Lion Review: Dev Patel Illuminates This Incredible True Story
Movies are all about telling stories. Sometimes those stories are fictional, and sometimes those stories are ripped right from the pages of real life. Often times, those real life stories wind up being the most compelling, at least when executed the right way. Lion is one of those movies and more so, it is one of the best movies of 2016.
Lion tells the real-life story of Saroo Brierley who was separated from his family in India at the age of 5, who then winds up being adopted by a family in Australia. Years later, he decides to go on a quest to find his long-lost mom and brother, but at great personal cost. On paper, it is a very simple premise but one that comes with a lot of very intense, very grounded and very real emotion that anyone should be able to relate to.
There is no question that something like Lion could just have easily been made into a semi-effective Lifetime movie with B-list actors and a second-rate director who is just cashing a paycheck. Fortunately, this story got the treatment it deserved. In the best of circumstances (and Lion was clearly made under the best of circumstances), people who bring genuine passion to the project will make sure to tell a story like this in a way that makes the audience feel as though they are taking this journey themselves, or at least experience the emotion of that journey. It is truly remarkable that director Garth Davis hasn't actually made a feature length movie before, because a movie like this with such subtlety and expert craft would make you think he had been in the Oscar race many times before, much like when someone on the level of say a Gus Van Sant, makes a good movie. Sure, Garth Davis directed the first season of Top of the Lake, which was super solid, but movies are not TV and TV shows are not movies. The talent doesn't always translate.
As much as Garth Davis is owed for the success that is Lion, this is a personal story and thus, it relies very heavily on the people in it. To that point, the cast hits it out of the park from top to bottom. Even in the early parts of the movie, which take place entirely in India and largely centers on the talents of child actors, everything works. Sunny Pawar deserves a ton of recognition for playing the young version of Saroo, because he anchors the emotional ride you are going on for the rest of the movie. With that said, the performance turned in by Dev Patel as Saroo is award worthy and could be the best of his career, which has admittedly been varied, but definitely has some truly shining moments. Lion is easily going to put him right in the awards season conversation. Mark my words; the Oscars will not be so white this year, but not because there is social pressure, but because there are elements of this movie that deserve recognition.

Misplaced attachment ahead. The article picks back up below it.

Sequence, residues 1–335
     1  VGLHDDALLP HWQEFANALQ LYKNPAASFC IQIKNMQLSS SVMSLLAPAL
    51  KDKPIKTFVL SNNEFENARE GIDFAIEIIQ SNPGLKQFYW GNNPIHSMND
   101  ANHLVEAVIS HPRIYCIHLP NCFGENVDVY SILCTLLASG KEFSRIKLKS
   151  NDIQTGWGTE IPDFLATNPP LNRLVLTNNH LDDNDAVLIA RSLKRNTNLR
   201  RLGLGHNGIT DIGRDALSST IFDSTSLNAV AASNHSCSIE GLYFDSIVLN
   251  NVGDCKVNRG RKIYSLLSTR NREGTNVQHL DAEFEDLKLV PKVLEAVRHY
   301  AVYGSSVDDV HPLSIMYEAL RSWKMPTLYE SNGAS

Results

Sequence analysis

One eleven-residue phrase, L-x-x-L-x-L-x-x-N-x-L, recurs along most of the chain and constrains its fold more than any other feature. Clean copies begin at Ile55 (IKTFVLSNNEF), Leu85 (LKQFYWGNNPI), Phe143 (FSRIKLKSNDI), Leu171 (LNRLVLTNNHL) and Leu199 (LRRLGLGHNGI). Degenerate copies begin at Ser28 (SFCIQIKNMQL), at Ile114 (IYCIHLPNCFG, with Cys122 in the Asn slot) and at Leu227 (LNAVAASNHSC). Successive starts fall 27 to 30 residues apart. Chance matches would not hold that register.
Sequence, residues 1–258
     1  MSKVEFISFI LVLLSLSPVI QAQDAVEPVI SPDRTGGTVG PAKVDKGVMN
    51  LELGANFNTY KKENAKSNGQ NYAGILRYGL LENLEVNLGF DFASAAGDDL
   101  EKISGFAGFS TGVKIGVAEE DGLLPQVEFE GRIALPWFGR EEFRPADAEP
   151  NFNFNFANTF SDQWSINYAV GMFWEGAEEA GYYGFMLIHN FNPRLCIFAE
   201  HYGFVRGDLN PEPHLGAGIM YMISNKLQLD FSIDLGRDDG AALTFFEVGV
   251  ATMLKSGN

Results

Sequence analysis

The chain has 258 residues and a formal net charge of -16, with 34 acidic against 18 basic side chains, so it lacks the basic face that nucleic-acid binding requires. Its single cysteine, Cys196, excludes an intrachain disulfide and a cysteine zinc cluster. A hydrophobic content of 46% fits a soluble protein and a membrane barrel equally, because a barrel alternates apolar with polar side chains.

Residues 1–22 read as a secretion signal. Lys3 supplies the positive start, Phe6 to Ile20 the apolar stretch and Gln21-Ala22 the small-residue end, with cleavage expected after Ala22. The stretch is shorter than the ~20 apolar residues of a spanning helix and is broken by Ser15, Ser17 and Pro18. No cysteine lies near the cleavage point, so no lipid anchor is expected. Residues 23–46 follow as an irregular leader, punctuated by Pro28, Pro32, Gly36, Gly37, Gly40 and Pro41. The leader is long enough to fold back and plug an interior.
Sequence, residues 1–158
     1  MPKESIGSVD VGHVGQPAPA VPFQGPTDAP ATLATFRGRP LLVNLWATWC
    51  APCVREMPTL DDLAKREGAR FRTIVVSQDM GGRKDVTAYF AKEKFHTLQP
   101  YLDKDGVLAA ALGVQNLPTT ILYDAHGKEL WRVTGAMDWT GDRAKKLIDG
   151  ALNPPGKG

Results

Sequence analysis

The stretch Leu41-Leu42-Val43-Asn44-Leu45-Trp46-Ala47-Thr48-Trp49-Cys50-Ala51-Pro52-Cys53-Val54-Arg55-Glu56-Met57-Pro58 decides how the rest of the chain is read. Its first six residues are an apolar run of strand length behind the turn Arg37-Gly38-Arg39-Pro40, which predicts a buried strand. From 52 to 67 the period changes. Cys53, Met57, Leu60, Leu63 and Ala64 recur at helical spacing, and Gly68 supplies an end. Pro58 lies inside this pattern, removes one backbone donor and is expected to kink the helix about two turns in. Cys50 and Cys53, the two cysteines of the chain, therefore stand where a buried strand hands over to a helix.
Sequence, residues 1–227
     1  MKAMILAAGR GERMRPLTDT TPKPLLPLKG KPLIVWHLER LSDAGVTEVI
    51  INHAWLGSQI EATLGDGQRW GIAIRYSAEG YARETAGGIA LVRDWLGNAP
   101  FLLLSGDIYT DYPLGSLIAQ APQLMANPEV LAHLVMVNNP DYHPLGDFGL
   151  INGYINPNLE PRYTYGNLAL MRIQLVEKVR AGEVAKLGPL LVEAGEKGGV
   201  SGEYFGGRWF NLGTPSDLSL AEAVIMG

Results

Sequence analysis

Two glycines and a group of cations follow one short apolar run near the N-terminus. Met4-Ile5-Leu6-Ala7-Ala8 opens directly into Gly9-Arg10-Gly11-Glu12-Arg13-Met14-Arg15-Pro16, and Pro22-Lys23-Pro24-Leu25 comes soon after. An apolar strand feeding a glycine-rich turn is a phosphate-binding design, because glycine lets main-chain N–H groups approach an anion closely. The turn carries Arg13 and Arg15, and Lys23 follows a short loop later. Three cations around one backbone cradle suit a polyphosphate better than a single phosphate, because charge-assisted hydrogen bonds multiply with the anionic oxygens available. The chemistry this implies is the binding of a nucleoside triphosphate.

The second and third acts of Lion rest heavily on Dev Patel's shoulders and he should be applauded for his efforts, but his supporting cast is equally as strong, with whatever screen time they are given. Rooney Mara and Nicole Kidman both crush it as his love interest and adopted mother, respectively. David Wenham also winds up being the adopted father that most guys who had a less than adequate father growing up wish they had. I could run down the entire IMDB cast list for this movie and just heap praise onto the entire ensemble, but just know that everyone is great, as is often the case with great movies. They oddly go hand-in-hand that way.
What is perhaps most important in a movie like Lion is that it did not get the typical "white guy" treatment that Hollywood is very famous for. This is a story about something that happened to an Indian person and it is told largely in that environment and told from that perspective. How easy it would have been in the hands of lesser talent to tell this story from the white mom's perspective or something like that. Or on the flipside, how easy it would have been to essentially play it in the much less classy "Look how diverse we are being! Aren't we so diverse?!" fashion. This movie does it tastefully, but as though it isn't a big deal. It is simply the way it needed to be and should be. That said, with all of the complaints that Hollywood loves to whitewash and doesn't promote diversity, it is equally important for audiences to support a movie like Lion so that Hollywood will continue to have a reason (beyond the fact that it is the right thing to do) to keep making these movies. Also, you should see Lion because it is a seriously fantastic and moving movie.
Coming from The Weinstein Company, Lion is a movie based on the book A Long Way Home, which was written by the real Saroo Brierley. Sometimes, it is better to see a movie after you read the book. Sometimes the opposite is true. I can't speak to that in the case of Lion, because I did not read the book. What I will say is that seeing this movie and not knowing what is going to happen is largely what made it work.Though, if you have read the book I still wholly encourage you to see the movie. I can't think of any good reason someone shouldn't see this movie. No, it doesn't have a lot of action or fast paced editing or anything like that. No fancy tricks, but it will make you feel something real. Depending on your level of emotional response, you should either bring a small cup or perhaps a bucket to catch your tears. Either way, go see this movie.